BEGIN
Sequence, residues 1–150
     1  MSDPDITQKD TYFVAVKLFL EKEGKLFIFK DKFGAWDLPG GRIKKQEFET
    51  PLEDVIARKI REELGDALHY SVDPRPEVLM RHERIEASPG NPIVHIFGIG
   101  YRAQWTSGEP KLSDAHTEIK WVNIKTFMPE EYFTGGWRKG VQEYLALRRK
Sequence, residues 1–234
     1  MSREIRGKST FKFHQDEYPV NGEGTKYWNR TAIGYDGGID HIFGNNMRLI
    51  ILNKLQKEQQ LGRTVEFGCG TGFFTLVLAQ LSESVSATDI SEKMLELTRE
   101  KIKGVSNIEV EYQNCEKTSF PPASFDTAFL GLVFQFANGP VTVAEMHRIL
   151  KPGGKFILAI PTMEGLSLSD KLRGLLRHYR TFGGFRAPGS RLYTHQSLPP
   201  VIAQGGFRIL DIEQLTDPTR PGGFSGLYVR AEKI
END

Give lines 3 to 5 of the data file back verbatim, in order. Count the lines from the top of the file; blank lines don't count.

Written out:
    51  PLEDVIARKI REELGDALHY SVDPRPEVLM RHERIEASPG NPIVHIFGIG
   101  YRAQWTSGEP KLSDAHTEIK WVNIKTFMPE EYFTGGWRKG VQEYLALRRK
Sequence, residues 1–234